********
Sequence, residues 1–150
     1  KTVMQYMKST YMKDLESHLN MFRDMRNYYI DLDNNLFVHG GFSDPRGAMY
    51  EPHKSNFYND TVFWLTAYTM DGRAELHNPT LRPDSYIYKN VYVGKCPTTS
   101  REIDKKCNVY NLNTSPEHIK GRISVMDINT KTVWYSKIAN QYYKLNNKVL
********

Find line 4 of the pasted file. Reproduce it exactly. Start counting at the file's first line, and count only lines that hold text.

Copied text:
   101  REIDKKCNVY NLNTSPEHIK GRISVMDINT KTVWYSKIAN QYYKLNNKVL